Recently I had more to do with vSphere Replication and Site Recovery Manager (more specifically with versions 8.6) and would like to share my experiences with Traffic Separation for vSphere Replication with you.
What is Traffic Separation?
Traffic separation is the possibility of splitting network traffic between different networks/port groups/VLANs and thereby possibly achieving an increase in security and performance.
So why separate?
A vSphere Replication Appliance comes with a (virtual) network adapter by default, and this is used for all network communication types.
- Management Traffic between vSphere Replication Management Server and vSphere Replication Server, between vCenter and vSphere Replication Management Server
- Replication traffic from source ESXi hosts to the target vSphere Replication Server.
- NFC (Network File Copy) replication traffic from the target vSphere Replication Server to the target ESXi datastores.
This VMware KB article also explains the process very well.
For a better understanding, follow the network traffic in the diagram.
You can see how the data flows from the source ESXI hosts on the left to the target replication appliance (vRMS, orange line) and then from the target vRMS to the target ESXi hosts (green line). The blue lines are the management traffic.
Note: For simplicity, the graph only shows the path in one direction. For a failback and replication in the opposite direction, it would be the other way around.
As already mentioned, all of these types of traffic use the same virtual network adapter of the appliance in the standard configuration, and therefore the same port group and the same VLAN.
Now it may well be that you don’t want to do this, so accordingly: Traffic separation!
Traffic Separation – here’s how
Prerequisites for the following steps are:
- The already deployed vSphere Replication Appliances in source and target vCenter
- Port groups on the virtual switches are ready
I have made it easy for myself with regard to traffic separation, as I only want to separate the management traffic from the entire replication traffic.
Accordingly, I only need one replication port group (here alex-replication) in addition to the management port group (in my case alex-srm).
In case you also want to separate the NFC replication traffic, provide another portgroup and add another network card at the part with the network card. #easy!
That’s what it looks like when the appliance is installed and before we start with the adjustments:
Power off the VM again and add a Network Adapter in the Settings:
Connect the new adapter to the dedicated replication port group:
Then power on the VM again, after which it looks like this in the VAMI, a new interface “eth1” has appeared:
Click “Edit” and then make the settings for “eth1”:
The gateway is required, but beware: the gateway that is set here applies “globally”, i.e. for the whole VM and overwrites the gateway of eth0.
For this reason I have entered the same gateway as for eth0.
If the source and target networks are located in different networks, static routes must be used anyway; these are set exclusively via SSH/CLI.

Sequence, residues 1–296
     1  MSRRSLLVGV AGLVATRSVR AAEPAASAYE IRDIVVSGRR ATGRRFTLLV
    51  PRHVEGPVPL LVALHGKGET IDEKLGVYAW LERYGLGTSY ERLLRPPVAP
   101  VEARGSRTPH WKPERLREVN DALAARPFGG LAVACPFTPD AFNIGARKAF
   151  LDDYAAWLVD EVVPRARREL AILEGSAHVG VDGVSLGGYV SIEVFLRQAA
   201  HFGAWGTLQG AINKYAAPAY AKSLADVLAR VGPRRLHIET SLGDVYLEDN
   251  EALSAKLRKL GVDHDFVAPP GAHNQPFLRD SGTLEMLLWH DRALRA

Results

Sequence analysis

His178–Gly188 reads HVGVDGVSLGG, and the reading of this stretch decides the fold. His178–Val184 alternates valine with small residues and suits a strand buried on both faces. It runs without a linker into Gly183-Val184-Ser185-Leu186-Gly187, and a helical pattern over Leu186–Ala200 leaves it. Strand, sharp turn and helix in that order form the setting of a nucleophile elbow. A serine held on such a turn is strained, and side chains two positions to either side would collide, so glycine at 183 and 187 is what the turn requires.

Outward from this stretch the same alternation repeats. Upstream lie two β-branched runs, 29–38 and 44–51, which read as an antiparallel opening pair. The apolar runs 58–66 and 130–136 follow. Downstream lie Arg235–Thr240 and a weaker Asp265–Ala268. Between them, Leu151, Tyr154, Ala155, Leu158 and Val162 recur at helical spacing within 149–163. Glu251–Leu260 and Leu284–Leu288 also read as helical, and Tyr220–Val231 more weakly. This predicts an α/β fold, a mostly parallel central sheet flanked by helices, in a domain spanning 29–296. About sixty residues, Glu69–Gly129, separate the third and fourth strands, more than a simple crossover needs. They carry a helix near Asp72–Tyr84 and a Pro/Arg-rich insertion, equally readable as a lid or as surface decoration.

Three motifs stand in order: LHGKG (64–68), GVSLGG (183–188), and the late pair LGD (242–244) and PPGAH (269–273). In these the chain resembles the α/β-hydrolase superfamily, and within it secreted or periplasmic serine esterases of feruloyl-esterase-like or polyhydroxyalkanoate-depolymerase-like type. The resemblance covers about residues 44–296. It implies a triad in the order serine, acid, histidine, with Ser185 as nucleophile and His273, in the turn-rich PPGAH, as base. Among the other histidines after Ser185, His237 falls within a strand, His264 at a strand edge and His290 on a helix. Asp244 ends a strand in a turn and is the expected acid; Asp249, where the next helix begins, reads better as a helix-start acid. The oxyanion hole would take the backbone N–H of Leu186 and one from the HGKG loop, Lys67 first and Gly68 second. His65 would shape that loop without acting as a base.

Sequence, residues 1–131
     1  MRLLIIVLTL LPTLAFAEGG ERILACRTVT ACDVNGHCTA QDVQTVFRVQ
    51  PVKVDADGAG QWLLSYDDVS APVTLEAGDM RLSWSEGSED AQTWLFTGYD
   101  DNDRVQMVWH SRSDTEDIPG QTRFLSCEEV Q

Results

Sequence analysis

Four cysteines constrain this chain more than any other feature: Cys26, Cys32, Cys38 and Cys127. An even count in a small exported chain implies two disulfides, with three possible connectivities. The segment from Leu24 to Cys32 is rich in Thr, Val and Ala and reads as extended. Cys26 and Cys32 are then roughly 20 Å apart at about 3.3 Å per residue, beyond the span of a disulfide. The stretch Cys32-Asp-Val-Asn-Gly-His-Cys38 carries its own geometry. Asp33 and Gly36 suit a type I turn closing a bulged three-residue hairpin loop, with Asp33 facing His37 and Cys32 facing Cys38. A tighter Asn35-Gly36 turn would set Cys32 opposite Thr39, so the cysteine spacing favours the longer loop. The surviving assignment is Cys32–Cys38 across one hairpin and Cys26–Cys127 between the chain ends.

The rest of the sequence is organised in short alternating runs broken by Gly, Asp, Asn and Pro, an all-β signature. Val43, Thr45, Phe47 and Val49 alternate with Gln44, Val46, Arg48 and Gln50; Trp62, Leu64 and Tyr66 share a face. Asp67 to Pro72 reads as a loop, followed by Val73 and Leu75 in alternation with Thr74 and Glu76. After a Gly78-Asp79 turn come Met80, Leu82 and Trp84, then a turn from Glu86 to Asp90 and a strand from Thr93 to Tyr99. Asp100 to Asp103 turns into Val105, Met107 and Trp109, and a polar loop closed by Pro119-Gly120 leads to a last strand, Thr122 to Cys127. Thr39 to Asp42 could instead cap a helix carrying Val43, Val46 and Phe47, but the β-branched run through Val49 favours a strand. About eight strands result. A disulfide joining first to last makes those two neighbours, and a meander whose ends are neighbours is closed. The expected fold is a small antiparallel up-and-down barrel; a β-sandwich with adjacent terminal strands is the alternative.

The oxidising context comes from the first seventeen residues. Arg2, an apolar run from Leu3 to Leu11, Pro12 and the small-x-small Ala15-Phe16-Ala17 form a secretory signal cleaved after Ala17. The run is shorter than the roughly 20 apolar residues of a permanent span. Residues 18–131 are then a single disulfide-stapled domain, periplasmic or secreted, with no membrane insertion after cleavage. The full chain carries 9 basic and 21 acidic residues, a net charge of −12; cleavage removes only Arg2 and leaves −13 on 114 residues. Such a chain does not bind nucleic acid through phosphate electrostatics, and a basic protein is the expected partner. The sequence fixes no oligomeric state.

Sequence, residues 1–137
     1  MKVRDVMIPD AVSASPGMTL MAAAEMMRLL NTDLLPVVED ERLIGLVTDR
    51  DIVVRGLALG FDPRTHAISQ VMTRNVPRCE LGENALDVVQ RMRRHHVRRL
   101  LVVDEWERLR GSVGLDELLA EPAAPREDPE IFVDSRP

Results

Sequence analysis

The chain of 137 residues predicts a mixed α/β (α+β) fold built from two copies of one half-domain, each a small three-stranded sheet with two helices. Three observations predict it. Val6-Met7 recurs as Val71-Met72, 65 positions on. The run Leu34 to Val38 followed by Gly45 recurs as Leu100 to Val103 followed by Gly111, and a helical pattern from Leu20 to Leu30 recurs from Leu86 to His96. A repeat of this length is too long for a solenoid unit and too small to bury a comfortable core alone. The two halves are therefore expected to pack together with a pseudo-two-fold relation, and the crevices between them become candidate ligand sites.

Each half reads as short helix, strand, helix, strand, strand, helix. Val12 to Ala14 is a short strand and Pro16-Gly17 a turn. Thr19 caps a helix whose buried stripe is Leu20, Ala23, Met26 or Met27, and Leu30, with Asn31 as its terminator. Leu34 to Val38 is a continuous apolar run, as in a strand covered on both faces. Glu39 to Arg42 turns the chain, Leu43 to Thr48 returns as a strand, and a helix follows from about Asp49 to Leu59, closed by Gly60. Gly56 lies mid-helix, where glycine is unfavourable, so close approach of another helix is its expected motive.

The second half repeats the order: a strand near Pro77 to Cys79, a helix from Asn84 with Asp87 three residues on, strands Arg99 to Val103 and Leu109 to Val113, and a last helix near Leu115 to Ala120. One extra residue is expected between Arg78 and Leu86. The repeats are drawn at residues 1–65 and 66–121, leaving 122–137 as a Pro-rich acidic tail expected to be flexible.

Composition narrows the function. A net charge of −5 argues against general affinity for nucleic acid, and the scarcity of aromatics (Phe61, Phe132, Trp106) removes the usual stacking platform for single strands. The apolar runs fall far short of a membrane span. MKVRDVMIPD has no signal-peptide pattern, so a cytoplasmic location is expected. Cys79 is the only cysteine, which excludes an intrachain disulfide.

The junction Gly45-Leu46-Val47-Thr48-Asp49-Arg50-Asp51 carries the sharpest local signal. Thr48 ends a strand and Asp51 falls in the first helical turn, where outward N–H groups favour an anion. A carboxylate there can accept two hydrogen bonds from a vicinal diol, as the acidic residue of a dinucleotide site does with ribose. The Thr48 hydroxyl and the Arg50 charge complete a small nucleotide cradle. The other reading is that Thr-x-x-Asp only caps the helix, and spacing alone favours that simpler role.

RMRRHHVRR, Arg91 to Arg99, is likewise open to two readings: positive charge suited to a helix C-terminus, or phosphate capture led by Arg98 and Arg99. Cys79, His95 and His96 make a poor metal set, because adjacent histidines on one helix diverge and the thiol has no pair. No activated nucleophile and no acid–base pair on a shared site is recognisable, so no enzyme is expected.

Check again after “Save” and… well, “UP” is good, but what’s going on? Where has my network configuration gone?
Don’t panic, you can see the new IP in the VM Summary in vCenter…
…or via CLI:
Anyway, don’t let this stop you for the time being and continue and register the appliance in the respective vCenters. Set the IP address of eth1 as the “Storage Traffic IP”:
In the Appliance Management interface, the appliance now states in the Summary that the Storage Traffic IP unfortunately does not match any NIC IP. 🤔
Okay?! Again, don’t let it bother you for the time being. Let’s move on!
I created a new VMkernel for each of the source and target ESXi hosts and activated the services “vSphere Replication” and “vSphere Replication NFC” (in case anyone has ever wondered what these checkmarks are for, here is the answer 😎)
Why activate both?
Summarised briefly once again:
“Replication” is from source ESXi to target appliance.
“Replication NFC” is from the target appliance to the target ESXi.
If I activate both on the VMkernel, I can then also simply replicate in the opposite direction 👍.
In our lab, I had the luxury of being able to use an NSX segment and have all hosts on the same subnet. This saved me from having to use static routes in the appliances.
(In case someone has separate networks, here is the section from VMware’s documentation for static routing.)
Traffic Separation – the Test
After pairing the two replication appliances via vCenter, I created a replication for a VM to check which interface was actually being used.
I used the following command to display the network statistics of the appliance while replication was active:
watch -n1 --differences ip -s link show up
It was clearly visible that the traffic runs via eth1:
In addition, I checked the network of the target ESXi host via esxtop. Here, too, one could see that the new VMkernel vmk2 and the associated vmnic3 were busy.
Apart from the poor implementation of the feature in the Appliance GUI and the impression that it is rather a hidden feature (at least currently with vSphere Replication 8.6), I see Traffic Separation as quite appropriate. Different networks for different applications/functions are simply part of a clean design, enhance security and performance. So why not for replication data as well.